I propose that the article state that various sources give various weights, and list them and their numbers. State that confusion over metric tonnes, US tons, etc. may be part of the reason for the spread. Stay away from speculation about the exact error trace. For one thing, it's really difficult to comprehend let alone explain. Wikipedia has such clout now that the museum might just go weigh the thing. In this time of intensifying interest in asteroid strikes, mass calculations are becoming of prime importance, so somebody really DOES need to weigh it, rather than making scientists guess at it via incompetent reports.
As to the mass/weight question (qv. below), it should be mass not weight. So any use of pounds should be pounds-mass. On earth the object weighs X. In space it weighed near zero. During atmospheric entry it weighed 2 or 3 times X. Weight depends on the gravitational environment. Mass is an intrinsic property of an object. Of course, the various conflicting reports were from people who didn't think of that either. Friendly Person (talk) 04:05, 10 December 2014 (UTC)


Map all coordinates using: OpenStreetMap · Google Maps
Download coordinates as: KML · GPX

The revised location of the meteorite doesn't jive with two facts: the marker in West Linn (at 45°20′37″N 122°39′24″W / 45.343596°N 122.656746°W / 45.343596; -122.656746 (West Linn plaque location stating it fell "2 miles NW")) says it was found about 2 miles NW of this place (see photo in article). I calculated this to be 45°22′N 122°41′W / 45.367°N 122.683°W / 45.367; -122.683 (Willamette Meteorite per plaque in West Linn) which jives well with my memory of a grade school field trip to the site. The location 45°22′N 122°35′W / 45.367°N 122.583°W / 45.367; -122.583 (Willamette Meteorite per is given by the new cite, but that disagrees with both my memory and the plaque. Personally I think the plaque is correct and has some systematic error somehow. Click on the "Map all coordinates" at right to see these three points. Given that the wrong point is on the east side of the Willamette River, I really think some mistake has been propagated over time. —EncMstr (talk) 17:45, 30 October 2008 (UTC)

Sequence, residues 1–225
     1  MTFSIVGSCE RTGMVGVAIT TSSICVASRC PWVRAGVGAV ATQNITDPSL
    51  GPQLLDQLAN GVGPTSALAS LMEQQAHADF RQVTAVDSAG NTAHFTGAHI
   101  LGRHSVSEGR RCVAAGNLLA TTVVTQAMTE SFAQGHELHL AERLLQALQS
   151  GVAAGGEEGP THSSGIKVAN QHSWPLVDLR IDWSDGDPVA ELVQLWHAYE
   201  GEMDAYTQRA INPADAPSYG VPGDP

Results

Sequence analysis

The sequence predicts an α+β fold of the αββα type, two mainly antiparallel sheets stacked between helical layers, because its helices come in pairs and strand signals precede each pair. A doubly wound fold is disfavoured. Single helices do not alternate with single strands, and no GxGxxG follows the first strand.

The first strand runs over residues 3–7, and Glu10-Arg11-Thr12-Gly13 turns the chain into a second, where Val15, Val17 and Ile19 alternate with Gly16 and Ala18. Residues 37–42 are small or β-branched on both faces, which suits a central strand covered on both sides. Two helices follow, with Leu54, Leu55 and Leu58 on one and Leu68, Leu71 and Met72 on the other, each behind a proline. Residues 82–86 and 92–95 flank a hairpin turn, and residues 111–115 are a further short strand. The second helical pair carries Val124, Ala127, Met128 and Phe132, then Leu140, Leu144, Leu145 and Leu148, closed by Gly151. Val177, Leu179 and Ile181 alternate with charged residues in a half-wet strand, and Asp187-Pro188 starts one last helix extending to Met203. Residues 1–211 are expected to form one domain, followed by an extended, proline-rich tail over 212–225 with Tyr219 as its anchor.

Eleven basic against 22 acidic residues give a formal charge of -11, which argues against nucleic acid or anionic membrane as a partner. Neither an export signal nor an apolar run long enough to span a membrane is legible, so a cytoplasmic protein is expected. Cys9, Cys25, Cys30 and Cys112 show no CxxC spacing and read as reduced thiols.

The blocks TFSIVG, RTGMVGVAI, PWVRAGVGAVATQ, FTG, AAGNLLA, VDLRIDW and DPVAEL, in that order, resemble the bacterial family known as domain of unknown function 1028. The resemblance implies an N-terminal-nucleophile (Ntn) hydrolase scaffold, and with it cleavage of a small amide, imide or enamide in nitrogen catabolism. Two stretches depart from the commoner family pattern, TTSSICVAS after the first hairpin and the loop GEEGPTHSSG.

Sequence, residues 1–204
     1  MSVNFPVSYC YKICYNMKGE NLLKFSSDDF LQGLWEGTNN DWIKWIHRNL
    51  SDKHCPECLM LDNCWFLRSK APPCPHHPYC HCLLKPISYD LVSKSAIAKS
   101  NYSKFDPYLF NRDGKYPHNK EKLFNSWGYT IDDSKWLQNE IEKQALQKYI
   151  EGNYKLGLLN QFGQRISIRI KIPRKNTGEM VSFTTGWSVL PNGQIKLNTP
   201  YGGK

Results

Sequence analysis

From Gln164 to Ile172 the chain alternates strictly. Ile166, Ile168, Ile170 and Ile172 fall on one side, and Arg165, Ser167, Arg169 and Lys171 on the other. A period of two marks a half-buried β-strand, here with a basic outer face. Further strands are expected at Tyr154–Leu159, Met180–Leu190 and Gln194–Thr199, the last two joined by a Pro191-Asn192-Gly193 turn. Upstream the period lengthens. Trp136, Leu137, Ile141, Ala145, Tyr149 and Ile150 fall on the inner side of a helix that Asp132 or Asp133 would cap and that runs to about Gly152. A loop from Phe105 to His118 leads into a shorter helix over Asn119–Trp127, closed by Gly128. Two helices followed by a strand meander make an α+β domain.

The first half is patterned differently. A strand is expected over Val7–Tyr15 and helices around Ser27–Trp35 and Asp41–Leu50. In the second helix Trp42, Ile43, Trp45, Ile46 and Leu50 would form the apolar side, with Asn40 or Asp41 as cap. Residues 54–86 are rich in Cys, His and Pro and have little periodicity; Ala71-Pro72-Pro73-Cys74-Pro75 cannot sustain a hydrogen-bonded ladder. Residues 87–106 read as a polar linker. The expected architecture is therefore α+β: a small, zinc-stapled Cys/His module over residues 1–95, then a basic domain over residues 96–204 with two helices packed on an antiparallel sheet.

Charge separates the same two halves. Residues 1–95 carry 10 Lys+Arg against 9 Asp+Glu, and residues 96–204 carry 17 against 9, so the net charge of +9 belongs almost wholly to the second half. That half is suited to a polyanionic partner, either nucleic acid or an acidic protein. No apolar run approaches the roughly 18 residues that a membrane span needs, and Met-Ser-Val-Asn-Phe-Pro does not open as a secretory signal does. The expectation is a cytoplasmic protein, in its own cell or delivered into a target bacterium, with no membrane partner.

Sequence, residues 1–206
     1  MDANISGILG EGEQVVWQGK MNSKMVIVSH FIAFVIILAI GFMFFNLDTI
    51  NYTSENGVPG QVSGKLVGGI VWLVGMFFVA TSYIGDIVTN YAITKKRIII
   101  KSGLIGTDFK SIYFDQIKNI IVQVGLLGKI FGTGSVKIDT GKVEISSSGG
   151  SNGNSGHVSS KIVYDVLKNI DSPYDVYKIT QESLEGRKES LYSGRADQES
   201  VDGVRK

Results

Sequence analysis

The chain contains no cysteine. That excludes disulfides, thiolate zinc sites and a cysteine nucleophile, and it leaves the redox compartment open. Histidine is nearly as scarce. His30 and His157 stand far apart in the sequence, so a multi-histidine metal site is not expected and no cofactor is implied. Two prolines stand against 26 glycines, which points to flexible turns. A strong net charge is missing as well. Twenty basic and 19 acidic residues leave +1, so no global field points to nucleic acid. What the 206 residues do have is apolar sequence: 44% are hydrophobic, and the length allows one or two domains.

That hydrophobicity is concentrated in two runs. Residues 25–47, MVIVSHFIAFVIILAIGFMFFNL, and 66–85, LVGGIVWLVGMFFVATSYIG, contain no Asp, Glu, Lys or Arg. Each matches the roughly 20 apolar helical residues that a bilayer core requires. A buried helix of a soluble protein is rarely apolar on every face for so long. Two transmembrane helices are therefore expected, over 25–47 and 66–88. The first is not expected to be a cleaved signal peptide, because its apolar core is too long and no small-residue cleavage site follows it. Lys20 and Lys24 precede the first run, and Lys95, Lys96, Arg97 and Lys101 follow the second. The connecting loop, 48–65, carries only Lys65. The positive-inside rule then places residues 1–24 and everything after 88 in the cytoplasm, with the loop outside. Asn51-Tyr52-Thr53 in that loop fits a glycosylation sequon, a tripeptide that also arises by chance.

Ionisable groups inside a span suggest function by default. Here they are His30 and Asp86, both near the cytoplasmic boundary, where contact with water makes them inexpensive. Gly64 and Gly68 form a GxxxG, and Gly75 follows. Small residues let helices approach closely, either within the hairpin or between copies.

Canadian origin[edit]

I see that the claim of a Canadian origin is sourced. But I have serious doubts about the W.M. coming from Canada due to the small problem that Oregon did not see continental ice sheets from Canada in the ice age. The Corilleran lobe only reached just south of Olympia and all glaciation in Oregon was from alpine glaciation coming west from the Cascades. Are there any references to Canada besides the NY times article?--Kevmin (talk) 11:47, 13 March 2010 (UTC)

I did some digging and have expanded on the Canada claim using the abstract of the original talk where the idea was proposed. The key was that the W.M. "may" have been ice rafted to the Willamette Valley during the Missoula Floods.--Kevmin (talk) 20:13, 13 March 2010 (UTC)

Mass, not weight[edit]

The section about weight should be titled "mass". Kg and tons are units of mass, not weight. Units for weight are units of force which Kg and tons are not. GS3 (talk) 18:42, 12 January 2012 (UTC)

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This 1st paragraph in the Modern history section is contradictory: "Although already known and sacred to Native Americans, its "discovery" was made by settler Ellis Hughes in 1902." Instead of using the vague word discovery in quotes, i would specify what specifically did that person add to the knowledge of the meteorite, or remove the second part of the sentence altogether. Gaianauta (talk) 14:24, 4 October 2016 (UTC)